alongside the soft fruit and vegetable beds surrounding the peach glass house, and perhaps the most remarkable features of the
garden are the original Victorian iron poles dripping with huge swags of crimson American pillar Rambling Roses and purple
Clematis. Beneath the tunnel of color and scent great swathes of Grasses, Lupines, Geraniums, Campanulas and Euphorbias
blow in the breeze, creating an appealing color palette. I noticed that Acaena ‘Kupferteppich’ flowed across the paving in
front of one of the glass houses, and I pictured how pretty it must look in the summer with its coppery green foliage and red thistle-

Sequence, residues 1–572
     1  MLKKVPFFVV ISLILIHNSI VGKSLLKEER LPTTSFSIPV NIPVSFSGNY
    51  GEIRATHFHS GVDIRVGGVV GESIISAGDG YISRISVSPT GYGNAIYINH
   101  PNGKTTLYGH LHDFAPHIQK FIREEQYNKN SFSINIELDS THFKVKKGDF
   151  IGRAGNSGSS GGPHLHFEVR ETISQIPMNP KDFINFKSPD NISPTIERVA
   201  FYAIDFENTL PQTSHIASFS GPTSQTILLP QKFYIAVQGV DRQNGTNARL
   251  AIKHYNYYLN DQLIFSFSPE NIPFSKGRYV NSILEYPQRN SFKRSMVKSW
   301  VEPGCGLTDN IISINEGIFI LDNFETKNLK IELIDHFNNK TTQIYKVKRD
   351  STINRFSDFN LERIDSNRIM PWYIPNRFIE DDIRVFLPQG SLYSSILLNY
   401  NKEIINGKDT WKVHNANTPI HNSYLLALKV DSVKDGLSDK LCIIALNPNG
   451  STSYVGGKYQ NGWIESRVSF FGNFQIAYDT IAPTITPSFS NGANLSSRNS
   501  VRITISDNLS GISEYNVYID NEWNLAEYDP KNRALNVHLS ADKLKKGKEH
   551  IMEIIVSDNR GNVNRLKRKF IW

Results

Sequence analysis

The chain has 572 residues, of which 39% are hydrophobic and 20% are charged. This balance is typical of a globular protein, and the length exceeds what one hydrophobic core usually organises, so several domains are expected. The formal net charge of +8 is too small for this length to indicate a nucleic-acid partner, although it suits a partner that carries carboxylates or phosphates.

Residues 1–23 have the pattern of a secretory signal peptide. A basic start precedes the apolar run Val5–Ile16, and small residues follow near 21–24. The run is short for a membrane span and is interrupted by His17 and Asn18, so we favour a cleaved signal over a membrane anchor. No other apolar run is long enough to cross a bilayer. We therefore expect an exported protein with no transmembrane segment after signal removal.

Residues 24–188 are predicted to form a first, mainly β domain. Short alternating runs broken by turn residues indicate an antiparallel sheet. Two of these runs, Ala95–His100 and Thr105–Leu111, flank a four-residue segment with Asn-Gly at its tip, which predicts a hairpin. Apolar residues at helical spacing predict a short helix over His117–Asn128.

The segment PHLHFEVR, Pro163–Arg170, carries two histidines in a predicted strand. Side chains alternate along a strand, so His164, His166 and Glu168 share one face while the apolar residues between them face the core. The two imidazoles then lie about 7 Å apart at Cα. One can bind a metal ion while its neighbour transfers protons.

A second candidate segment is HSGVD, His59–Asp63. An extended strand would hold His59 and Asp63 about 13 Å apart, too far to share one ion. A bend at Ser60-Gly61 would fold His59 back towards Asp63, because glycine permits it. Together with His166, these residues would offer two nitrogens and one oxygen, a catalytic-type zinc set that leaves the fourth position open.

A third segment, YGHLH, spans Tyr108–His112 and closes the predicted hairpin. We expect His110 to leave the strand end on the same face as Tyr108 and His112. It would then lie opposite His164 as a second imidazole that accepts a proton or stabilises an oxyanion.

like small flowers.
The castle grounds offer magnificent views over the River Tweed and a
large formal walled garden with a great deal of recent planting. I was
particularly impressed with the use of favorite plantings in unusual ways
in the walled garden, for example, the use of Goldenrod in profuse
clumps to set the tonal qualities of yellows and silver blues. In the
photograph below, the foreground is the bright daisy-like Coreopsis
grandiflora, followed by successive waves of Solidago ‘golden wingsâ
€™ and Echinops bannaticus. Overhead is a rope swag of bright red
Roses. Gertrude Jeykll originated the use of roping for Rose swags to
mark off garden areas.
Continued on Next Page link below
The photograph above displays colorful drifts of burgundy and bright
red Dahlias, interspersed with the hairy foliage and daisy-like golden
globes of Helianthus and the tall candlestick blooms of Eremurus bungei.Â